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Love the sinner hate the sin

Discussion in 'Journals' started by Unveiled Artist, Apr 14, 2021.

  1. Unveiled Artist

    Unveiled Artist You are safe

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    I think we all have some bias and judgements somewhere in our hearts that without reflection we may suppress it, deny it, or just plain say I will not change...so others just deal with it.

    I think I have that,not the last one since I've never been that type of person. But maybe the first. But I think true spiritual reflection puts you face to face with yourself.

    I have a huge issue with "love the sinner, hate the sin" (homosexuality) because...

    Analogies.

    It's more like you support your friend to come out of the closet but don't support him for the meaning of it.

    You only support your friend getting married (not civil union) but not for the nature of the marriage is founded just the sexes of the spouses.

    You support your friend with the idea of buying a new car but you only do so depending on how he drives and whose in the passenger seat.

    You don't have to like same sex sex (which s NOT homosexuality). I find make male sss a bit uncomfortable myself.

    But as a lesbian,I know there is a difference between the action, the sexes, and intent.

    If two men love each other, same sex sex isn't wrong. If they hurt each other (to put it lightly), then it is.

    The argument of lgbtq really goes beyond one's sex.

    Just a ravel not a sermon. 2080241186-noah-hathaway-as-atreyu-in-the-neverending.jpg
     
    #1 Unveiled Artist, Apr 14, 2021
    Last edited: Apr 14, 2021
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  2. InChrist

    InChrist Free4ever

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    I don’t think your perspective or the examples you gave accurately express what Christians mean when they say something like “ hate the sin, love the sinner “.
    From a biblical perspective, each person is created in the image of God; valuable and loved by God, so we are to love one another. Sin is destructive and has marred the image of God and identity of each person in one way or another. So to hate the sin (whatever it is) means to hate that which is tarnishing and harming the true image and identity God intended. Real love ultimately wants the best for the person.
     
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  3. A Vestigial Mote

    A Vestigial Mote Well-Known Member

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    In the end, I think we would all agree that we value a human life, but what we wouldn't value from such a human life would be something like murder, or thievery for personal gain, etc. Meaning that, obviously, there are examples within which you may care for the PERSON, but not for the activities they have chosen to partake in. So, the root of meaning in "hate the sin, love the sinner" does make some sense, and does reflect real-world circumstances of judgment we may all find ourselves in at some time or another - and is definitely something we could rationalize our way into given various egregious, detrimental acts.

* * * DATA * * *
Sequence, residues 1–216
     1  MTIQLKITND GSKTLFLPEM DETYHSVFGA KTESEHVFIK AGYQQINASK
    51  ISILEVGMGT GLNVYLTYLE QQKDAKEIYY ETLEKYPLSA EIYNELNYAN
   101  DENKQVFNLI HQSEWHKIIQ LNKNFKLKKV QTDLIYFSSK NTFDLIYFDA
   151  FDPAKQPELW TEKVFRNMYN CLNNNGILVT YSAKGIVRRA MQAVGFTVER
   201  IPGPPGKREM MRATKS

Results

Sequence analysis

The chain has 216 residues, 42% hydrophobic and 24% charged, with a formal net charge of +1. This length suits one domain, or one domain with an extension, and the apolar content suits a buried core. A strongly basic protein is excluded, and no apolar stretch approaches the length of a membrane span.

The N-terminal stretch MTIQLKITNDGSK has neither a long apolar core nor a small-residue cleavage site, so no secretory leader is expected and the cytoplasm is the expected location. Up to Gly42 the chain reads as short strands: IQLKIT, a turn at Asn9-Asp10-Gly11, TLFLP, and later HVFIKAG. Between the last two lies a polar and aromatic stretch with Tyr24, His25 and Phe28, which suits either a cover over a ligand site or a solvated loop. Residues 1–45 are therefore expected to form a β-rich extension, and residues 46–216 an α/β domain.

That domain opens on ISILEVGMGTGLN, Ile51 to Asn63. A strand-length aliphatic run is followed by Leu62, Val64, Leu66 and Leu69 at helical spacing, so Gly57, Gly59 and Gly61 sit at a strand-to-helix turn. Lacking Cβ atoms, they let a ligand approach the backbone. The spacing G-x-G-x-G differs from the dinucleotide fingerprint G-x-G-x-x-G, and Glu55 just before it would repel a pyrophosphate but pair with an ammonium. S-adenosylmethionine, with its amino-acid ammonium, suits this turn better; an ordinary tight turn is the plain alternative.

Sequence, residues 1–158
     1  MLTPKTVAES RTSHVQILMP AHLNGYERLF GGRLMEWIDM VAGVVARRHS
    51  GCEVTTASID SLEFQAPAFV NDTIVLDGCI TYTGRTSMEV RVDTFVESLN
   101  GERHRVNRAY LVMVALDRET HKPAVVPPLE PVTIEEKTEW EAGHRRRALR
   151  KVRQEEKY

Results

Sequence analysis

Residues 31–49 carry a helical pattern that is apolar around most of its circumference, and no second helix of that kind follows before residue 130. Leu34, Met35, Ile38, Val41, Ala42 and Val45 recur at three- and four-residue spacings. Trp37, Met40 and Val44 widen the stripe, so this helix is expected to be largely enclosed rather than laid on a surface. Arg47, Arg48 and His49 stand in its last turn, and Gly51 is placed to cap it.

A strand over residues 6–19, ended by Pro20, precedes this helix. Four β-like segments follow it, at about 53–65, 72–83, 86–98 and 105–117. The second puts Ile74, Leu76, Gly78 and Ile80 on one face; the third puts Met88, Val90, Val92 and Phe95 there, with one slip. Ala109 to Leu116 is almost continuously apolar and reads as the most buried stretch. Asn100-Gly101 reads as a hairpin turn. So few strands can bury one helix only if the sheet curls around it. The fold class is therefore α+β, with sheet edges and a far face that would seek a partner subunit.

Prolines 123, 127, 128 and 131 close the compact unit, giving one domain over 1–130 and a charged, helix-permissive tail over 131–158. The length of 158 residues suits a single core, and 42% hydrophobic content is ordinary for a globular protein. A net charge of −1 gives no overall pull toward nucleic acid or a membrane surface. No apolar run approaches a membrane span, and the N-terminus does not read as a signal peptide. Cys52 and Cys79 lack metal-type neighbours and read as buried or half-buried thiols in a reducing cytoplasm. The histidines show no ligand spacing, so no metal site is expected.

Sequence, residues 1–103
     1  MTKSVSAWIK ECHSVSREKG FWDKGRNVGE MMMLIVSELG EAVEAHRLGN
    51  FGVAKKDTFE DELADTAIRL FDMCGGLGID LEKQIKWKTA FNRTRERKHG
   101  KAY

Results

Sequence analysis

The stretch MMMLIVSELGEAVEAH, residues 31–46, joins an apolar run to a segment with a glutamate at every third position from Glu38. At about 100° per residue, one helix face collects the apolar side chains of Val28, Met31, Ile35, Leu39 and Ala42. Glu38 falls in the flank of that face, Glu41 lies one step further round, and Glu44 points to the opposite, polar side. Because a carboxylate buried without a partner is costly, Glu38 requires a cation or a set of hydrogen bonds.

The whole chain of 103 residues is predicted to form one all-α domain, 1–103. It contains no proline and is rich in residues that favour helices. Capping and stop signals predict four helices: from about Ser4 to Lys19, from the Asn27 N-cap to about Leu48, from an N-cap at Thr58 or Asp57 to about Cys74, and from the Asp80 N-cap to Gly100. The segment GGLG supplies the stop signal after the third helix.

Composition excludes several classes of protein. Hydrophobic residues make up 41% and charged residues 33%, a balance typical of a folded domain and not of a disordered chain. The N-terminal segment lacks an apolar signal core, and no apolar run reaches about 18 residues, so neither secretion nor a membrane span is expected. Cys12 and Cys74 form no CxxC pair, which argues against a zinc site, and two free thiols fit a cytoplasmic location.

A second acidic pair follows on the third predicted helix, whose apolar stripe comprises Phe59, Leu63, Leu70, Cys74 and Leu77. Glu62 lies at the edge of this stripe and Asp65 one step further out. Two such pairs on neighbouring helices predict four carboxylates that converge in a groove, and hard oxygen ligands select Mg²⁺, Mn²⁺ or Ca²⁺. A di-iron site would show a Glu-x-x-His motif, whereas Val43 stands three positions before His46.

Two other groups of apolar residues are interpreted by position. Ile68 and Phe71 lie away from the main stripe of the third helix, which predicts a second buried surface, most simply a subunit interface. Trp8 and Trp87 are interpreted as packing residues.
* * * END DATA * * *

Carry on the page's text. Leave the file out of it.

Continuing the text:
However - in the specific case of homosexuality - we're talking about a union of two people (whether sexual or not) of the same sex who have both consented to be in that relationship. There is no "crime against humanity" being committed here at all. Not in any way. Those who claim that there is are delusional in my opinion - and their reasoning on the topic the stuff of conspiracy theories. NONE of us should care one bit what constitutes "sin" to any other individual. NONE of us. Period. "Sin" is, specifically, going against God's (or a god's) chosen ideals. And none of us should care about any god's chosen ideals either. What something calling itself "God" wants to say about human behavior is entirely irrelevant. If any of us actually chose to be here on Earth, and before that, chose "God" as our leader, then sure - those people (note, there are NONE who fit this description) should probably listen to Him (provided He also shows up and makes His views clear, of course) - whatever floats your boat. But otherwise, all one has when born into this world to turn to are the other humans around him/herself for guidance - as babies, we humans are basically useless to those around us, and so we necessarily must rely on those around us to survive. God is NOT one of "those around us." And so in my book, God simply doesn't get a say. He can stuff His opinion into His heavenly hell hole for all it should matter to any of us - that is, provided He exists to go shoving opinions various places - which has certainly not been determined in the first place to even suggest that we should be worried about "sin."
     
    #3 A Vestigial Mote, Apr 14, 2021
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  4. SigurdReginson

    SigurdReginson Well-Known Member